Dear reader, thank you for visiting the blog, and happy new year! This is an update post, letting you know what I have been up to in the last few months.
<— back to part 3b
Re-learning and Recovery
(*My apologies for not writing sooner, it has been a very busy time at Uni with many assessments due recently!)
There are some words which (bad) writers of popular science like to throw around in order to sound impressive. Quantum is perhaps among the most frequently abused terms, for instance. Another would be statistically speaking. (Did you really analyse the sample distributions, and compute the variance and correlation coefficients? Didn’t think so). Another buzzword, and the one pertinent to our discussion here, is neuroplasticity. Fortunately, unlike quantum field theory and statistics, we don’t have to pretend to understand neuroplasticity, since there are many cases where it is clearly visible, and I believe its core concepts are readily grasped by the general public. In addition, popular science titles like The Brain That Changes Itself by the neuroscientist Norman Doidge certainly increase public awareness and understanding of this issue. We can observe directly that the brain is capable of remarkable change and adaptation. One of the most dramatic and convincing examples of this is the phenomenon of “phantom limbs” — the ability to feel pain or itching or other sensations in missing limbs. If you are interested, I will save you from googling for unreliable sources, and link this journal article by Ramachandran & Ramachandran (2000). The important and (at the time) revolutionary idea is that the brain is not a static organ. The brain map can be reorganised — new neural networks can be created, and the physical topography of the brain is susceptible to change. This is reassuring for those with dystonia. It means that there is a possibility of “unlearning” the dystonic movements, and creating new neural pathways to replace the old, misbehaving ones. Many dystonia researchers now recognise re-training as a viable treatment option, and from a musician’s point of view, I believe it is also the most useful and least harmful. Medical treatments can work very well for some individuals — and depending on the severity of the symptoms, may even be essential — but the prospect of taking botox injections several times a year, for example, is not exactly pretty. However, re-training requires considerable time investment and dedication… then again, isn’t this exactly like learning a musical instrument!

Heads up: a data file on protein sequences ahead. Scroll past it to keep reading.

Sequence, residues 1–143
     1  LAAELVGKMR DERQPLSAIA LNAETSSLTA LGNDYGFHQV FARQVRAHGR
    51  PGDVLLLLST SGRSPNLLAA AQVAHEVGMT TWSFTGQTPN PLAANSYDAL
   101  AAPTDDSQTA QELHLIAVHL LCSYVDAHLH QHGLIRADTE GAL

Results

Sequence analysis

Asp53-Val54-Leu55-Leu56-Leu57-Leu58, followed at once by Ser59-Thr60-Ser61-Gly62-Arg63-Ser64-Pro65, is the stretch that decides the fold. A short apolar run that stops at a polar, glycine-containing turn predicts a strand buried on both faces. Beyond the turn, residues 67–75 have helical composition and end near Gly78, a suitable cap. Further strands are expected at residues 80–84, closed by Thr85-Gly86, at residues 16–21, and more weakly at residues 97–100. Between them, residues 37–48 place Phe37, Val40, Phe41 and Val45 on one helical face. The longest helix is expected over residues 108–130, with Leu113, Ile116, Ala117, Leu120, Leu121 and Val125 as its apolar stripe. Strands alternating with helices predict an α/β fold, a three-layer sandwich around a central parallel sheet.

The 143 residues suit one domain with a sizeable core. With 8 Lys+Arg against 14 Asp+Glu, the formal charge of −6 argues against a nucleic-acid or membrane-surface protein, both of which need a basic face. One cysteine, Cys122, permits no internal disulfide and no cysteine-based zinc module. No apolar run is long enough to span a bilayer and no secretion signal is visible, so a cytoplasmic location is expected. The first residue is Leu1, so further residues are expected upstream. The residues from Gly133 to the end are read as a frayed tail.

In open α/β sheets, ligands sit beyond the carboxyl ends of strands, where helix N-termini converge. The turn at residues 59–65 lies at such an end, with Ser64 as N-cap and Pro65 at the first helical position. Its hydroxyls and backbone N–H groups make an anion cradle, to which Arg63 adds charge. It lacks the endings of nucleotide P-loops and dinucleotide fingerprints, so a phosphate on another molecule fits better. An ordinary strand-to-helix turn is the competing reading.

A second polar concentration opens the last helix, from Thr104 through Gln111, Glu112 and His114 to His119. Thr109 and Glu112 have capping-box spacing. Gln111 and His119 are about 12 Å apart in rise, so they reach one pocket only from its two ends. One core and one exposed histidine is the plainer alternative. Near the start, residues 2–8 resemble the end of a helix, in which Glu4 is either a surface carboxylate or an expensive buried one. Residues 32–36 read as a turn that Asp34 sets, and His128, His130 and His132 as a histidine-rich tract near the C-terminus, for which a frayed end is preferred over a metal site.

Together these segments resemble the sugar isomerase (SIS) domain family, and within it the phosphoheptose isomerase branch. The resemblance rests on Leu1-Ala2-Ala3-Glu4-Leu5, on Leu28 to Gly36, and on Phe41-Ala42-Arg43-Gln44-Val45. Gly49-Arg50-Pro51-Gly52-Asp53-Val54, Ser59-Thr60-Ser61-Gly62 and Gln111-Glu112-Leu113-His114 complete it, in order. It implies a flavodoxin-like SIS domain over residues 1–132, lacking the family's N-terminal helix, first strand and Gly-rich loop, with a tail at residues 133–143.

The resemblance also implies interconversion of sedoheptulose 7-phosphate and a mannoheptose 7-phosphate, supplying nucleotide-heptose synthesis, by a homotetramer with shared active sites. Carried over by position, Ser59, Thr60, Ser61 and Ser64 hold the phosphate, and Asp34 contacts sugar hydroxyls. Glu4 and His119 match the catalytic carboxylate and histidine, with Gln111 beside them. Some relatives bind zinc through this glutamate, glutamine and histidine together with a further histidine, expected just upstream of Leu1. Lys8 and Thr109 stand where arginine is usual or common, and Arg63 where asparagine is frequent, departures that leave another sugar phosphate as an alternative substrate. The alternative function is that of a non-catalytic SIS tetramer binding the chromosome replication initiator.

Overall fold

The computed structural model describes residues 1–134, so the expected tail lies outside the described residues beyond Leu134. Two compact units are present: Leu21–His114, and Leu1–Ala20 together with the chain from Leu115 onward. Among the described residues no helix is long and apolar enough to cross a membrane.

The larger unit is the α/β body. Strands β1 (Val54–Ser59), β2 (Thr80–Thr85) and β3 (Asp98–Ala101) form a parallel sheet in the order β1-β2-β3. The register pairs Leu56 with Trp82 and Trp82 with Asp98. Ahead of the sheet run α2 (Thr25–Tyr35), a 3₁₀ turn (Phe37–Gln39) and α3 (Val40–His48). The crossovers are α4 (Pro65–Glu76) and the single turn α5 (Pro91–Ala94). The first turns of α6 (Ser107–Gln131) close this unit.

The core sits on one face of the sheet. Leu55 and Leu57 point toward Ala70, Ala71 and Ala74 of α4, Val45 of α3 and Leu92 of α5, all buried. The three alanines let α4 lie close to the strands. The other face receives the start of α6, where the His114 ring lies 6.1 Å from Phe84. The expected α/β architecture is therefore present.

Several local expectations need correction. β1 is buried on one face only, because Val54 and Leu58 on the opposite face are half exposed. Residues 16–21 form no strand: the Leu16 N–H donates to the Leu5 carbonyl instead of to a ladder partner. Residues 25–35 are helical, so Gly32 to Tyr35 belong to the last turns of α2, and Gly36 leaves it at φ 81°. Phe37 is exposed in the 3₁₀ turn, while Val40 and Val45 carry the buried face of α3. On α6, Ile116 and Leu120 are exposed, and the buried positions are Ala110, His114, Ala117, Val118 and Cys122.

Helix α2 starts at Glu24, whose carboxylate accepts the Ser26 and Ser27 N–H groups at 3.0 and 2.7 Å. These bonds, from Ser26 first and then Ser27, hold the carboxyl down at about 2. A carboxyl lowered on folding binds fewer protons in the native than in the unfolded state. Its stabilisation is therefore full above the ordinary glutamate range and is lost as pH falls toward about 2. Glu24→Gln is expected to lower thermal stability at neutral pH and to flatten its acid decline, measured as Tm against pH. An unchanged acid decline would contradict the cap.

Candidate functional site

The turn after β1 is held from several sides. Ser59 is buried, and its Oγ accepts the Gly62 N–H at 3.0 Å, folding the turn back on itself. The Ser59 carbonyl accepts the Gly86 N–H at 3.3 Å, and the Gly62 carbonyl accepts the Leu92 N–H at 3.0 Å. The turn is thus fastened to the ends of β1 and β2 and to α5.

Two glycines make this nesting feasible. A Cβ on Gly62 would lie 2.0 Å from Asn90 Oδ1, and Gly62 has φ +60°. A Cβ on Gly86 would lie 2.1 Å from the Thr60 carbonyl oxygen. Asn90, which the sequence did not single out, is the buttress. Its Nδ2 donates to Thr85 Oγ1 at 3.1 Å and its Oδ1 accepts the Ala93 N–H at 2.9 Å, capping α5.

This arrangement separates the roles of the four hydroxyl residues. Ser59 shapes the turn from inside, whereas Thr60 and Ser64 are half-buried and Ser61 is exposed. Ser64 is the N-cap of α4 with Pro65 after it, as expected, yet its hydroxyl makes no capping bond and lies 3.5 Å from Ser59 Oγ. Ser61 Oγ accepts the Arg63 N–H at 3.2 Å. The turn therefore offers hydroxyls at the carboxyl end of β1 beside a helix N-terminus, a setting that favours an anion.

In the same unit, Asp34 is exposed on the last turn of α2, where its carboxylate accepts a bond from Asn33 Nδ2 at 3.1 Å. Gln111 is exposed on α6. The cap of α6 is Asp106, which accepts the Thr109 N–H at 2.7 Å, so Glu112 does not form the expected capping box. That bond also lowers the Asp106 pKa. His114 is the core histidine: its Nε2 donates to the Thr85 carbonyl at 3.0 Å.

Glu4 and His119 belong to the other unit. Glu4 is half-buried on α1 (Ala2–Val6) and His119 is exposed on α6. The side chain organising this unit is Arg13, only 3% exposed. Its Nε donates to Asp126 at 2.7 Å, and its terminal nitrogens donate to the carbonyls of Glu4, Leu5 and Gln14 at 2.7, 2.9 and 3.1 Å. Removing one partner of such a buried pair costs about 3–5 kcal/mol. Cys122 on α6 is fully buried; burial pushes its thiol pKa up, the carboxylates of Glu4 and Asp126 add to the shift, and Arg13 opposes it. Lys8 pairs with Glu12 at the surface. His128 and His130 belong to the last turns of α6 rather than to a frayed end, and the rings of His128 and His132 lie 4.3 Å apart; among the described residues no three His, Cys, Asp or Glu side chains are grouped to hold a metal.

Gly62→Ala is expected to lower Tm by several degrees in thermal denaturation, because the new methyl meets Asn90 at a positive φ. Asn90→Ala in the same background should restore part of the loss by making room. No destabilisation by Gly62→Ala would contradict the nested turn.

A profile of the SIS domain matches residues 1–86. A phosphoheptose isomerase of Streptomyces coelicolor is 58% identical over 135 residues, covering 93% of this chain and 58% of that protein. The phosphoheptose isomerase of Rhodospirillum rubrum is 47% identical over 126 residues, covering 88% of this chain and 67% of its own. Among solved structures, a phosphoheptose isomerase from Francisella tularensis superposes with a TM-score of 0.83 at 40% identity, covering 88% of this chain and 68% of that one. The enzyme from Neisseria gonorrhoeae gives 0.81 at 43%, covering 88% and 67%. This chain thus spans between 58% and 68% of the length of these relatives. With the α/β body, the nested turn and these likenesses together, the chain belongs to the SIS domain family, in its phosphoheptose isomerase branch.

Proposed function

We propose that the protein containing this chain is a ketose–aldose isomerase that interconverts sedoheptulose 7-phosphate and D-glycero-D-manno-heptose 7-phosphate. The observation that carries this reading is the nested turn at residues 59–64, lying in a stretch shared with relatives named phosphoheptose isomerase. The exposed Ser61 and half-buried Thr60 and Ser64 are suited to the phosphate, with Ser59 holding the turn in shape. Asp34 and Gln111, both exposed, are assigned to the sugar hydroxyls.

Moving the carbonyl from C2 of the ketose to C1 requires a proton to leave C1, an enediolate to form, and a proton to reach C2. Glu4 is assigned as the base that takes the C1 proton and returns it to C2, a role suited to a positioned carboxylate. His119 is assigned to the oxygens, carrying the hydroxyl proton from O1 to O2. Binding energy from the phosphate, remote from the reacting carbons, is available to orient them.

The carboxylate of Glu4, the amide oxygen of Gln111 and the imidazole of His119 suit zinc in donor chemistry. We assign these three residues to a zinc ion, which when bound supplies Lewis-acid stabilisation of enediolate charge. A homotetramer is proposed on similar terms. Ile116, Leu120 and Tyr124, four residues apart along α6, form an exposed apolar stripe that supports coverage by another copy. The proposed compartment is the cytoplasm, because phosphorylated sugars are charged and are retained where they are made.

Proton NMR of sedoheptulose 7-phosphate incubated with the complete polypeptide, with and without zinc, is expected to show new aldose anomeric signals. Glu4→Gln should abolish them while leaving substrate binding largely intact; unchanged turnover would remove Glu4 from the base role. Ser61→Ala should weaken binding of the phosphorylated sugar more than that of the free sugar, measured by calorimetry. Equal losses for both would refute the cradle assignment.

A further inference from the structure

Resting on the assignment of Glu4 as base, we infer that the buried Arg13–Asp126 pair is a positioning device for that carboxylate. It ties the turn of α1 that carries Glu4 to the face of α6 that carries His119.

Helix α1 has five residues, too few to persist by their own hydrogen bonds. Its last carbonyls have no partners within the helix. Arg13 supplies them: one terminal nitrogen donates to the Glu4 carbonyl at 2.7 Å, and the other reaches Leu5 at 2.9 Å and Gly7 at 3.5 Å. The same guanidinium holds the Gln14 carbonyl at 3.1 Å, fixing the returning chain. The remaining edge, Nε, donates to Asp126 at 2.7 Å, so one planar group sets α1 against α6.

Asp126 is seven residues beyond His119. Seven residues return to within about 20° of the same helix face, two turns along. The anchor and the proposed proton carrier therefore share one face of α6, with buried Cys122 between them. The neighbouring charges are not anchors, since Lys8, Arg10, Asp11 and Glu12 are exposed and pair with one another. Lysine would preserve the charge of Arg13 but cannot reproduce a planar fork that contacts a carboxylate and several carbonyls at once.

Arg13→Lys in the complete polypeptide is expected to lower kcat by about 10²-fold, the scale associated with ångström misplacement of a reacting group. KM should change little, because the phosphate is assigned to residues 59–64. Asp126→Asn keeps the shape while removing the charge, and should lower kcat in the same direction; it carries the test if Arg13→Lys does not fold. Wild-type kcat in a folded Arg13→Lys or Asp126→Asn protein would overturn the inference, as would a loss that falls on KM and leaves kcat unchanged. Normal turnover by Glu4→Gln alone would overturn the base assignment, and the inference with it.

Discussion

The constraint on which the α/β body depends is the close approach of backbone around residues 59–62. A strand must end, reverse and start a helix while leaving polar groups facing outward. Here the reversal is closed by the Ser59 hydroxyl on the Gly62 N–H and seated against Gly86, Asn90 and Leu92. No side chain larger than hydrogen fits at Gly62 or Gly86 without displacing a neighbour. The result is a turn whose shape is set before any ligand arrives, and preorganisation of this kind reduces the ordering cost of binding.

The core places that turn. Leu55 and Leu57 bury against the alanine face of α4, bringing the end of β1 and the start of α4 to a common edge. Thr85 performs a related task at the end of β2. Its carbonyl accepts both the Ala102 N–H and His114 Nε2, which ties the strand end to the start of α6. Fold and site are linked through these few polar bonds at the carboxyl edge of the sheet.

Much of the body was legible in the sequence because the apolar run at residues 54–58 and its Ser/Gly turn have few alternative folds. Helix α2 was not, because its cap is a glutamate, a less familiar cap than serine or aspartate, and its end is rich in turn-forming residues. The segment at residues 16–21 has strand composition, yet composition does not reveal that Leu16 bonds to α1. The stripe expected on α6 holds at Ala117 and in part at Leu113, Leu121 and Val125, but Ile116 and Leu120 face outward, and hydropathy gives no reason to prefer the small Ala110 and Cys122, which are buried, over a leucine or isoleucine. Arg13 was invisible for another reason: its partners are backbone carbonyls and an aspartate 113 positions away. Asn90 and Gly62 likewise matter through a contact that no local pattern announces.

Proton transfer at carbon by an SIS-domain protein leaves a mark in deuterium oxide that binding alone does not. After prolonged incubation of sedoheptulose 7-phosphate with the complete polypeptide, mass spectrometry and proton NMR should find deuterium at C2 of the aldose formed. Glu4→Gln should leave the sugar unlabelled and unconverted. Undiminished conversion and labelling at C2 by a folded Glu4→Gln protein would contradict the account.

<— back to part 3a
Psychological Aspects of FD
Many recent studies on musician’s dystonia now acknowledge the role of psychological and emotional factors contributing to the emergence or persistence of the disorder. In the previous section, I have already alluded to one of these psychological pressures: the need or expectation for perfection in classical music training. Indeed, this point has been emphasised many times across many research papers, including several by Altenmüller and his colleagues. For example, Altenmüller & Jabusch (2009) is a noteworthy paper, as it compares psychological profiles (“personality structures” is one of the terms used in the paper) of patients with FD and those without. Interestingly, a group of patients suffering from chronic pain was also examined, with the aim of “detect[ing] unspecific secondary psychological reactions in diseased musicians.” I object slightly to the use of the term “diseased”, but you get the idea!